Archive for December, 2007

I’m working on a new performance project that is an investigation of time, and it has me thinking a lot about linear narrative.  It’s interesting that our macro experience of life (birth into death) trumps the cyclical, sun-driven structure of our day-to-day existence.  If my boyfriend read that last sentence, he would say, “What the hell do you mean?  Why can’t you just put things more simply?”  Well, I think I mean this: Linear narrative is satisfying.

Cyclical patterns are comforting, but we get bored with them after a while.  We grow up and we don’t want to be rocked to sleep anymore – at least not every night.  Other patterns (and non-patterns) can be interesting, intriguing, exciting, but it’s the linear narrative that (for better or worse) is our native language.  No matter how simplistic or unadventurous it may seem in certain contexts, linear narrative has a pull.  We recognize it emerging from chaos (or we invent it to keep ourselves from chaos) and we are relieved, just as we are when hearing our native tongue used in a foreign country.  Sometimes that relief is followed quickly by annoyance at the loss of a desired challenge; it depends how long we have been travelling alone in the strange land.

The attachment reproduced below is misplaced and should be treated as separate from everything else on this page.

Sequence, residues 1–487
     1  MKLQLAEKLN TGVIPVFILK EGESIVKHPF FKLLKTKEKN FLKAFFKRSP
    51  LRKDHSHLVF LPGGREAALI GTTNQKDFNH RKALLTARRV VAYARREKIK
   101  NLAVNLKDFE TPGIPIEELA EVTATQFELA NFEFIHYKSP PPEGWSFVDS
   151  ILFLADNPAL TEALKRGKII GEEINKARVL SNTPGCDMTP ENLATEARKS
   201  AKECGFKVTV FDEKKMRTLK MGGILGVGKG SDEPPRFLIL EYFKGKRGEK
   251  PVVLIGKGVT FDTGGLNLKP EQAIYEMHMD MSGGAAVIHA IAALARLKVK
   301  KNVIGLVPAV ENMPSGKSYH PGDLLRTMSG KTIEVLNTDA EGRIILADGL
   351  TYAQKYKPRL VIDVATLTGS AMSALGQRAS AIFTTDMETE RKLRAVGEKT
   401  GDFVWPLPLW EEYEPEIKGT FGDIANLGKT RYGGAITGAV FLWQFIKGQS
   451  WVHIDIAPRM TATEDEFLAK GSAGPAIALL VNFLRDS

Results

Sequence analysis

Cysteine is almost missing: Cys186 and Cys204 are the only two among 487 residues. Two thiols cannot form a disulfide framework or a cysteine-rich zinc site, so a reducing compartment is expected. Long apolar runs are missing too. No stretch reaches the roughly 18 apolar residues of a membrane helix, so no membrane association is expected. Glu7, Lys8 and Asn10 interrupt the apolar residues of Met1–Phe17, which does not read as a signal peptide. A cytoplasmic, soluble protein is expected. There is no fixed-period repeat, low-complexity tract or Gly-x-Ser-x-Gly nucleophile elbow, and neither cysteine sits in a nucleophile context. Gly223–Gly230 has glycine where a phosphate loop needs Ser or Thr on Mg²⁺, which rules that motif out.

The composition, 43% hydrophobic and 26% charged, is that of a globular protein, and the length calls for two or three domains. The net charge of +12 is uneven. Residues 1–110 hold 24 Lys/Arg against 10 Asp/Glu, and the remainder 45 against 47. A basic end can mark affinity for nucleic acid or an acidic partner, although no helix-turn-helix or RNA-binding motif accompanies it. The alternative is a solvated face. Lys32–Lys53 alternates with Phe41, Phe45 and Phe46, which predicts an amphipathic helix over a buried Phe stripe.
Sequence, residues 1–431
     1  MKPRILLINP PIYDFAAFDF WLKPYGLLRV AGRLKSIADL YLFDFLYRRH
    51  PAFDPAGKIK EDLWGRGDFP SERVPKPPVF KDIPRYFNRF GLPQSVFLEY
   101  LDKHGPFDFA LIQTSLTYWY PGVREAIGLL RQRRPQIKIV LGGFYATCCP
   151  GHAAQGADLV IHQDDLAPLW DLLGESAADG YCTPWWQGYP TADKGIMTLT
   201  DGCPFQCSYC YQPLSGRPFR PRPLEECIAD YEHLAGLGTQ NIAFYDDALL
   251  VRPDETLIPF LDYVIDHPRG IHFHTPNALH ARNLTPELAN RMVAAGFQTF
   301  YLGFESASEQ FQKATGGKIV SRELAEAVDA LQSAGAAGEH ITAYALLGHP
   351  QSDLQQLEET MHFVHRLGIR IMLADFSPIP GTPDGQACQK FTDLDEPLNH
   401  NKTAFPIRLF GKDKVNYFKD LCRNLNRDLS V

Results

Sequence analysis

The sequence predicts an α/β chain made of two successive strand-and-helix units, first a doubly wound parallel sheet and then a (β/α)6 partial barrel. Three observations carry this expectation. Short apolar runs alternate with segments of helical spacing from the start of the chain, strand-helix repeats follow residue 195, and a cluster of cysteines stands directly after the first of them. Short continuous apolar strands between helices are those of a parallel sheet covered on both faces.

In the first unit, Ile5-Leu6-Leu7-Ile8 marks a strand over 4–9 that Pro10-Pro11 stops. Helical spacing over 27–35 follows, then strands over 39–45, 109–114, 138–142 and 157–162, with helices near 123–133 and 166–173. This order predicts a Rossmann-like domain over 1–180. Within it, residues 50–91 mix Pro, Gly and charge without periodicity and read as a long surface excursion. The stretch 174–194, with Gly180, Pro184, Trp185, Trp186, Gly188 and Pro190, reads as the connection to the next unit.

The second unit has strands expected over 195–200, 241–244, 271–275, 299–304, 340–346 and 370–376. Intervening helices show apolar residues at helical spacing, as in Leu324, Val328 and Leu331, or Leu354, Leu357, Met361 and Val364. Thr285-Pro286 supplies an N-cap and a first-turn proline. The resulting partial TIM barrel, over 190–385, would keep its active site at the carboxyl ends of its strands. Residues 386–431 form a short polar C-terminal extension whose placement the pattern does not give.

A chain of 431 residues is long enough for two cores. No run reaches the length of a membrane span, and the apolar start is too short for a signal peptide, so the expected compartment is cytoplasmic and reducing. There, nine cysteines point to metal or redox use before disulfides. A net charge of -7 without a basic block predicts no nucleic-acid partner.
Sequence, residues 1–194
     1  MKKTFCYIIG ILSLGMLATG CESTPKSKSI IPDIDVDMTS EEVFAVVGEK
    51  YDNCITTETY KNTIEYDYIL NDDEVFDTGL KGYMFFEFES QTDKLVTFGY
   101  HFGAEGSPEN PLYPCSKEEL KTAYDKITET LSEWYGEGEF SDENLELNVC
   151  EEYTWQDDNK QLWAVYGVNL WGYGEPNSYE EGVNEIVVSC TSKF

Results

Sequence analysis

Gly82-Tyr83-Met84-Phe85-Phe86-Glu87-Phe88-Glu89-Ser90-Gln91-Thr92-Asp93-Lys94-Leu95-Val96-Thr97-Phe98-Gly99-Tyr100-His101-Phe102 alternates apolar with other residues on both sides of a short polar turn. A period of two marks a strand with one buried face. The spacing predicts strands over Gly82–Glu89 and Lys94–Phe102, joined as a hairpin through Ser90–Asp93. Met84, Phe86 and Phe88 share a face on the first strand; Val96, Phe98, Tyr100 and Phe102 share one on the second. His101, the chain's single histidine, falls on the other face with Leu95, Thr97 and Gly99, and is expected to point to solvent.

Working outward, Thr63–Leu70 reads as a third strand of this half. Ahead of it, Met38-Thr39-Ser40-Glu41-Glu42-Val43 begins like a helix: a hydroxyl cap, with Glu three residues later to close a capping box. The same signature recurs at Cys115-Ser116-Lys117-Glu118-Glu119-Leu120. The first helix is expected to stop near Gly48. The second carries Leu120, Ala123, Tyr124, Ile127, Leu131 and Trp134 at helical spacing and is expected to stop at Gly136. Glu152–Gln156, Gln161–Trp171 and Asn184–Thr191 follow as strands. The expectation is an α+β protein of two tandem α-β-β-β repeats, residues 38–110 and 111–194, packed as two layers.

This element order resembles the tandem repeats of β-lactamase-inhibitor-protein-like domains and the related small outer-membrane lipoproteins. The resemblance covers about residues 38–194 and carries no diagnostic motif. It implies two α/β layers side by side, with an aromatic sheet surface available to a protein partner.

As I develop this piece, it is of course important to investigate the linear as an invented structure and take it apart, reconfigure it, all those post-post-modern standbys, but I’m also finding that humanity of the linear narrative, of the concept of “story” is interesting and worth another look, despite its recent status as, well, “totally uncool.”

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